SCENE ONE - OUTSIDE
QUI-GON So nothing we to barter have to hand. And without sails our ship’s becalmed on sand.
ANAKIN [enters] My master Watto has closed up his pitch,
To dream his dreams of easy avarice, I
Think he even, longs to think himself,
As kindly in his mastery as is commixed
With goals of making money hand on fist.
Listen good Angel for I see a way, to make from out of nothing honest sails.
Do you have shelter?
QUI-GON We'll head for our ship.
ANARKIN (sniffs) A sandstorm on the wind will close the port, and seal the eyes of wayward travellers, come to my mother’s house there to abide, and take my council.
SCENE TWO - ANAKIN’S HOUSE
ANAKIN Mom! Mom! I'm home.
SHMI My!! Annie, what's this?
ANAKIN These are my friends, I do not know their names, if any names are born by angels hence.
QUI-GON I'm Qui-Gon Jinn, and this is Jar
Jar Binks. The lady’s name is Padme, and
we thank you for your hospitality.
SHMI Take Padme, Anakin and offer her sight of our dwelling and allow her to sluice off the dust of travel er we eat.
[Padme and Anakin go within]
SHMI (to QUI-GON) Why are you here?
QUI-GON I seek a way to win sails from Watto.
SHMI Oh no, whatever Anakin has said, all wagers I forbid. He thinks himself the
bearer of all luck,
But only luck it is, he has not spilt,
Upon the sand the liquid flood of blood to
Waste his youth upon the shining sands.
QUI-GON He may have more than luck. I sense in him
That certain look of eagles in the eyes, that marks the Knights of Avalon and those
Who once at Arthur’s table supped and cheered.
SHMI It’s true he is, especially dear to me:
But say what mother would not laud her son, even without the signs that with his
QUI-GON What signs were those?
SHMI Yes, signs of which the greatest was
His birth conceived without the help of man, the which my shame believed, lead to my fall and to my slavery, and yet, I can not but avow the truth. Besides he has the touch of alchemy, and has made servants for himself er now. The latest lies unfinished in his cot.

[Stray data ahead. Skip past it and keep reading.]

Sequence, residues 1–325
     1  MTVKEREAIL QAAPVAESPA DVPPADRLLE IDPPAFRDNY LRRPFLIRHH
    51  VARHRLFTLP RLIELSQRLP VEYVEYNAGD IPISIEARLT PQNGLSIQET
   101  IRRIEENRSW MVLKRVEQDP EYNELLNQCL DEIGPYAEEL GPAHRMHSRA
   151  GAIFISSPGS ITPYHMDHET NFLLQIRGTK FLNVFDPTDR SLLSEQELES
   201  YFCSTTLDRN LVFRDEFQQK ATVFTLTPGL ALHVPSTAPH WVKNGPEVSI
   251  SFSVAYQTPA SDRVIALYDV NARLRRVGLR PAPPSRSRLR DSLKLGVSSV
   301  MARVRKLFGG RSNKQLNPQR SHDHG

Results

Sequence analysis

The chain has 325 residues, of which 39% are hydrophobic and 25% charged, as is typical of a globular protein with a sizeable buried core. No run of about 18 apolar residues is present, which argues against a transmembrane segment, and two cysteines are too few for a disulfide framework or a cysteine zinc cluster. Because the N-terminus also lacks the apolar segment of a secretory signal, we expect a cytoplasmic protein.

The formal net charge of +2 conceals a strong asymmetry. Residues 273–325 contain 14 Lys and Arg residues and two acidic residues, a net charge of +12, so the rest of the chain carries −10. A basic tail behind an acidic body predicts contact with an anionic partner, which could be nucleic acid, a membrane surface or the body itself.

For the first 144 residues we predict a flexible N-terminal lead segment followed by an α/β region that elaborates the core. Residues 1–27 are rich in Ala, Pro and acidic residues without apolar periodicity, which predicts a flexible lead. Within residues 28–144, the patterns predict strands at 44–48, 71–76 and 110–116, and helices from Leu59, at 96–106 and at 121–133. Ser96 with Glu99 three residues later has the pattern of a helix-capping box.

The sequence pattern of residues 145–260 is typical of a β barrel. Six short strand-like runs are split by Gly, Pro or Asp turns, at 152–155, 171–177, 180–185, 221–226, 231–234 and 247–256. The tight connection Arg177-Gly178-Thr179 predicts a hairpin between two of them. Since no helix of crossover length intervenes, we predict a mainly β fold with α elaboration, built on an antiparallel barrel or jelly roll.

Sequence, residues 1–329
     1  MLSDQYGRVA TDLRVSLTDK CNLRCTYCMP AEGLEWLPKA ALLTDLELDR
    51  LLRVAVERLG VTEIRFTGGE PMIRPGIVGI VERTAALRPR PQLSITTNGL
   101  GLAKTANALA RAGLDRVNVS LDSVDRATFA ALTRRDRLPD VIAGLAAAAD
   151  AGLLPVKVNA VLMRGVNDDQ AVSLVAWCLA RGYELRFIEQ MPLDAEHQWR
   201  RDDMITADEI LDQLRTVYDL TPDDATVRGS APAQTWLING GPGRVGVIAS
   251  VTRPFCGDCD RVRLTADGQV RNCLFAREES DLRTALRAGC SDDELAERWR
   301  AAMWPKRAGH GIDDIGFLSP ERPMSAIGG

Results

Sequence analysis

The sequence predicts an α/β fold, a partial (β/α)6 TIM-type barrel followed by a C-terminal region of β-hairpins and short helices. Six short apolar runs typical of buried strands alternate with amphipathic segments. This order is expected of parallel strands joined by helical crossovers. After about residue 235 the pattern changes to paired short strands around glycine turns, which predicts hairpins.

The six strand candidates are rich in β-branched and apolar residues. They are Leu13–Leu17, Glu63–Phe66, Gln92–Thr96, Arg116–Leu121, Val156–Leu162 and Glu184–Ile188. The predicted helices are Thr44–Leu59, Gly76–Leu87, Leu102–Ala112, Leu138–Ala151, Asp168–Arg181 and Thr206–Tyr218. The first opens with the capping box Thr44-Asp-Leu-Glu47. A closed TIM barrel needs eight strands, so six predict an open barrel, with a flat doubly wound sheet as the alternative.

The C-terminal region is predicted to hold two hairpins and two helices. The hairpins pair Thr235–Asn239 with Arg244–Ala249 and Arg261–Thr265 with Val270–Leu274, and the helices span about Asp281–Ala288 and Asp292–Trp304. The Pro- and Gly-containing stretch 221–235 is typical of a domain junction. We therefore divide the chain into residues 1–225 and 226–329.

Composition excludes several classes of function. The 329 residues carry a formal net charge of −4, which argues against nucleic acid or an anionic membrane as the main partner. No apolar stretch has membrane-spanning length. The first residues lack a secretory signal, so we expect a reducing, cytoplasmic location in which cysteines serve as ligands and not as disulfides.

QUI-GON And yet you trust him not to wager, what
Then must the stakes be to deny his skill
And luck that in the skies, birth, and his hands seems writ as large as geese, atop an anthill's peak.
SCENE THREE. ANAKIN'S ROOM
ANAKIN I am constructing an homunculus. A Golem
If you will that set to work, will easy my
PADME You made him?
ANAKIN He has the frame and body of a man, and yet is still unfinished for I lack the means to grow the skin to coat his back.
PADME Tell me your plan that I to Qui-Gon may
Argue your case, for sometimes adults fail to heed the wisdom that in young wrappings
Goes forth, new-minted to the world.
ANAKIN Do you race chariots within your isle? It is the chief diversion of the Hutts, and every added thrill that they can add, in novelty or spice to the event, they will reward for long their palettes had grown bored of common colours til the clouds must turn to purple to astound, and earth to blue ‘er they will wish good day.
PADME What novel wager in the race would pique the blunted taste buds of these epicures to win from them the price of swift-ship sails.
ANAKIN Myself, for I’m the only child who ever has driven a chariot as fast as those
Grown men, who all their lives and time have spent to learn what I knew in my cradle, in the bone.
PADME Will you then risk your life, to help us
ANAKIN My mother taught me that all men should help and hence receive help in this universe, or else sit helpless.
I would not see an angel helpless, for that would affront the sky and make the very stars to weep.
PADME smiles Let us share council with the others then,
And hope your plan will end with joy, not pain.
Curtains fall. Drums play. A masque of chariots is wheeled across the stage. First one chariot in black and red leads, then Anakin’s in silver and blue passes it.